Scientific name: Agave parryi
Common names: Parry’s agave, mescal agave
Family: Asparagaceae, sub-family Agavoideae
Also mentioned: American century plant (Agave americana), monument plant (Frasera speciosa)
Article by Jeanne Gozigian
Look up in the sky! It’s a bird, it’s a plane! No, it’s a giant stalk of asparagus, reaching for the sky! The flowering stalk of Agave parryi, (a-Gah-vee Pair-ree-eye), fifteen to twenty feet tall, will be crowned with branches resembling a candelabra and flowers that start as red buds, opening to become yellow/green blooms in panicles at the branch ends.
Carl Linnaeus, the renowned Swedish botanist (1707-1778), founder of the binomial system for naming organisms coined the name, Agave. It is from the Greek, agaous, meaning noble or admirable, probably because of their tall flowering spikes.
The amazing Parry’s agave, named for Dr. Charles Christopher Parry, the 19th century English-born American botanist, is one of the monocarpic plants that blooms only once in its lifetime of ten to twenty years or more, depending on the climate in which it grows. Other monocarpic plants are Agave americana (a-mer-ih-KAY-na) or American century plant, and Frasera speciosa (FRAY-zer-uh spee-see-OH-suh) or monument plant, in the Gentianaceae family.
All of these plants start with basal rosettes, forming flowering spikes in the last years of their lives. That can be from twenty to eighty years for Frasera speciosa , typically growing in the mountain meadows of Colorado. Then, the basal rosette dies, but monocarpic plants can reproduce from seeds and off shoots or “pups” from the main plants.
In 2010, thousands of Frasera speciosa bloomed at the same time, their five-foot tall spikes gracing the mountains. Botanists were puzzled, but suspected that a very wet July and August, four years previously, may have been the cause. The Agaves are very drought tolerant succulents with gray-green or gray-blue leaves. The foliage, which stores water, has a waxy coating that prevents water loss. They are very effective grown in cactus gardens as they do not need water after the initial planting. All of the leaves have wicked brownish spikes at the tips that can inflict damage so care must be taken with children around. In a November 23, 2007, article by “Mr. Smarty Pants”, part of the Lady Bird Johnson Wildflower Center, recommended A. americana for use as a privacy screen; it would absolutely stop foot traffic!
A. americana is not as frost hardy as parryi. A. americana is ideally grown in zones 8-10, while A. parryi is happiest in 7-10, but does well in Santa Fe, NM, in zone 6b. But both must be grown in dry cold in order to tolerate lower temperatures . Warm winter rains followed by freezes can cause ice crystals to form in the leaves, immediately killing the plants. They are best grown in a variety of soil types in full sun, but must have good drainage; otherwise, root rot could result, leading to death of the plants. Their only problems appear to be agave weevils and slugs and snails, which can damage the foliage.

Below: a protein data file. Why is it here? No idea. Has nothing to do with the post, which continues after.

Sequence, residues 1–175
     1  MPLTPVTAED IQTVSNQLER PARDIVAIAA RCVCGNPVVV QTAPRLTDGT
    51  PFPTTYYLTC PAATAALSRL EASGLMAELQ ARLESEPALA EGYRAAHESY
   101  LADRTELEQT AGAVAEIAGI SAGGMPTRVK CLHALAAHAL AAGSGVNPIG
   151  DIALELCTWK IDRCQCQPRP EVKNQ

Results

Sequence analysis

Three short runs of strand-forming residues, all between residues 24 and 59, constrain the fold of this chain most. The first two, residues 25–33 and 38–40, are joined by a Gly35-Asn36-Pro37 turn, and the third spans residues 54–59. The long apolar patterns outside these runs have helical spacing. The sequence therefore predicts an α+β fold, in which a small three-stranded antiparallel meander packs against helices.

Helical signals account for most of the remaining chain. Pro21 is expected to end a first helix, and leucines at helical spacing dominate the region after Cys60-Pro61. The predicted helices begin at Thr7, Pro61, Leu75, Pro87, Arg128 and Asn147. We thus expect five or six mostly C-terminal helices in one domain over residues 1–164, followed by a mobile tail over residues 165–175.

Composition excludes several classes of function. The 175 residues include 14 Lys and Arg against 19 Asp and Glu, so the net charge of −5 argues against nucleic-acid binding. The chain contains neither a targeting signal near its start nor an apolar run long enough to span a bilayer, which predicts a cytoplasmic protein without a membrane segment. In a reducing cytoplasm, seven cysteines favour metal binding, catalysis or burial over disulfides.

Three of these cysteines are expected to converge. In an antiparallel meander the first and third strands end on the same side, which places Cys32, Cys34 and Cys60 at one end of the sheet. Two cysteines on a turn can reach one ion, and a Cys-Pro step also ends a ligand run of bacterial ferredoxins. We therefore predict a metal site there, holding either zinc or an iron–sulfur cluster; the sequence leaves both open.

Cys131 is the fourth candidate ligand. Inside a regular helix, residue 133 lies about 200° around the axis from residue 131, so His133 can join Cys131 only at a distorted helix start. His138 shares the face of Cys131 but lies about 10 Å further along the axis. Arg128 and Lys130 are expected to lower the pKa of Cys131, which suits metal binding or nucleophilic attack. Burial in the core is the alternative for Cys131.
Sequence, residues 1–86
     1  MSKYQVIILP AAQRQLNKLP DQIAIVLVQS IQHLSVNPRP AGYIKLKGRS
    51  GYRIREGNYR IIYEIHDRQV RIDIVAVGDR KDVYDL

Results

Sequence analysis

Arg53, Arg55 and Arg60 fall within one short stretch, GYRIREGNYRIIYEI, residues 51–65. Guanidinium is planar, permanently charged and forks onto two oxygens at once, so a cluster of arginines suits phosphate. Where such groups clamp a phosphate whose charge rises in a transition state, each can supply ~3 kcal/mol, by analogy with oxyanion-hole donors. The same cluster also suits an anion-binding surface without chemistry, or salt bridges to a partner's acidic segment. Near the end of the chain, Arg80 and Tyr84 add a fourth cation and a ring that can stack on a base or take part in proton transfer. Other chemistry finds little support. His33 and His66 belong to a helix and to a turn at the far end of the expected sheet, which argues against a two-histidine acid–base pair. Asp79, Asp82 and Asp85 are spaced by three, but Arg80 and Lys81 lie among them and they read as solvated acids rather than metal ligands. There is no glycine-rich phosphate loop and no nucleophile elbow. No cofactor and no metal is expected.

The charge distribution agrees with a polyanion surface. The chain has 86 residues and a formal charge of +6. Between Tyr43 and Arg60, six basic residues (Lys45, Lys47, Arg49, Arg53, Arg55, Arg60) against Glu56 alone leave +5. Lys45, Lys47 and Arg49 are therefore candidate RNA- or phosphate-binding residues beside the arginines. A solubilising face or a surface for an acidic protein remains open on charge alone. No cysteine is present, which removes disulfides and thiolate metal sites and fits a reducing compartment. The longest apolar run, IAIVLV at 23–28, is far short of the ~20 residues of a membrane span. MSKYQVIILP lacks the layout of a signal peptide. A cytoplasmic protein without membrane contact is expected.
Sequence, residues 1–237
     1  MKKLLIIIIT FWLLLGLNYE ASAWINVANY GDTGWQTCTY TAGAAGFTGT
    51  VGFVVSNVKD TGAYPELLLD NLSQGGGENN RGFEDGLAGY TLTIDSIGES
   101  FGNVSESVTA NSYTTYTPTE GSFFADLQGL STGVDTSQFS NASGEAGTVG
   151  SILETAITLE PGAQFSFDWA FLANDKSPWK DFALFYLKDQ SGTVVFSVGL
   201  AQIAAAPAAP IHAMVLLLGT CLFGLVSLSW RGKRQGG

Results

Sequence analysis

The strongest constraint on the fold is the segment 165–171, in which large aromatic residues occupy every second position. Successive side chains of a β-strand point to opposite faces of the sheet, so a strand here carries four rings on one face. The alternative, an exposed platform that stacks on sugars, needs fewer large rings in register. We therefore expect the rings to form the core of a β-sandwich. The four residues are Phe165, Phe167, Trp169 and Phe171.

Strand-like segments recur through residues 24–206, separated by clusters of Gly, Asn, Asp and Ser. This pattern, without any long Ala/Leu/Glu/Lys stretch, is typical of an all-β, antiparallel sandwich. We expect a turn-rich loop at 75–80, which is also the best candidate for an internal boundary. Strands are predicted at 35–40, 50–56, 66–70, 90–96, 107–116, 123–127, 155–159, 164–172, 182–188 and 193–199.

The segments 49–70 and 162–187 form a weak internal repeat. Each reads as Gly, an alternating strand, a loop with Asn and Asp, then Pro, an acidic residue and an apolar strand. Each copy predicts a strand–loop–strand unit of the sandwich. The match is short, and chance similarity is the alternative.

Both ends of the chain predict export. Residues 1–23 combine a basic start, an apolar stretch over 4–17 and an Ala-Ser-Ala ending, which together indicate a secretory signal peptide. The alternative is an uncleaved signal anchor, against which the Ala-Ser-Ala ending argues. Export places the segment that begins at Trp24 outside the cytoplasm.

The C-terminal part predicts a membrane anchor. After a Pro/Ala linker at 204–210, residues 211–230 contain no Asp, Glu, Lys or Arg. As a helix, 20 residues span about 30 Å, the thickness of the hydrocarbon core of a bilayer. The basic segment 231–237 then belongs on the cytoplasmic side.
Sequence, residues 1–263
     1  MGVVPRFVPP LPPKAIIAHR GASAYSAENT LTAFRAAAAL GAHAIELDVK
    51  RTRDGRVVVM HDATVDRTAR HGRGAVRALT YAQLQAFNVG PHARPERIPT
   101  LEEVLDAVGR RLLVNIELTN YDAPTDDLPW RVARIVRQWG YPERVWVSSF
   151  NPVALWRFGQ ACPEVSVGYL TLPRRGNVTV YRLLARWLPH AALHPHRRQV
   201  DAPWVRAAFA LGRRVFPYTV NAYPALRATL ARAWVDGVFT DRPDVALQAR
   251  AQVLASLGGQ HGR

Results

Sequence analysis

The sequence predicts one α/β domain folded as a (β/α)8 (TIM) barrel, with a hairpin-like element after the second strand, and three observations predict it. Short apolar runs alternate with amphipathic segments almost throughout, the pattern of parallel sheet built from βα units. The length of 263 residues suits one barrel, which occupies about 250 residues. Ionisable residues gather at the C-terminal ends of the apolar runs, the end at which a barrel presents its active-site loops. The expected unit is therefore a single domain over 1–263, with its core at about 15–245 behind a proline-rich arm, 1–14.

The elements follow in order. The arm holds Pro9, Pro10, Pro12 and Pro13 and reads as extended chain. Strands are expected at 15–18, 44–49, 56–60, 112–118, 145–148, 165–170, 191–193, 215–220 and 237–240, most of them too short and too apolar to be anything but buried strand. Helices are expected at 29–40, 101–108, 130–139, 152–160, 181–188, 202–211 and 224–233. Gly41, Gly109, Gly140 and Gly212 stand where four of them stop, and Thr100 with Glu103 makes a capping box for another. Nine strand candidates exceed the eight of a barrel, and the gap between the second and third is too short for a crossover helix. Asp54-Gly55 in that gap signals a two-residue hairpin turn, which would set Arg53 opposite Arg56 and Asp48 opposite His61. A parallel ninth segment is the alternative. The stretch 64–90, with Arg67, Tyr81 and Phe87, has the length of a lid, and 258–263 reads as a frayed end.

The basal rosette of evergreen, lanceolate leaves in A. parryi, an herbaceous perennial, can reach two feet to three feet in width and one and one half feet or two feet in height. The agave species are hermaphroditic, that is, they have both male and female organs. A. americana leaves can be three to five feet long and the basal rosette can spread six to ten feet. The astonishing flowering stalk could grow from twenty -five to thirty feet tall and americana can live twenty-five to thirty years. These succulents are native to southwestern USA, California and Mexico.
In Mexico, the stem is cut before flowering to gather aguamiel (honey water) from the heart (pina) of the plant and then fermented to make pulque. The tequila producing regions gather mezcales, agave plants, to produce mezcal, a distilled spirit often flavored with a mezcal worm.
Agave nectar, a natural sugar with a high fructose content and low glycemic index, is preferred by many as a healthier sugar substitute. A. americana and A. parryi are not typically used for mezcal production, but can be. All parts of the agaves are edible: Leaves, sap, seeds, stems and hearts have traditionally been used. The stems can be roasted and eaten like asparagus. The leaves contain saponins, used to make soap. Dubious medical uses include as an antiseptic, diaphoretic, diuretic, and laxative. As always, don’t try this at home! It is said that the sap can be used as an insecticide. The fibers from agave species were important for making ropes and mats, while the terminal spine could serve as a needle and thread.
Both of the agaves can be grown as houseplants but they will never bloom if grown in pots. They are commercially available in this form. They must be abandoned as houseplants when they reach two feet in width. The use of gloves is mandatory because of the very sharp spikes. A. parryi are frequent landscape plants in my neighborhood north of Albuquerque, New Mexico, with many blooming and dying in this month of July. At the Botanical Garden at Museum Hill, in Santa Fe, New Mexico, A. parryi occurs in the Orchard Garden.
Thanks go to Janice Tucker and Helen Woody for proofreading this article.
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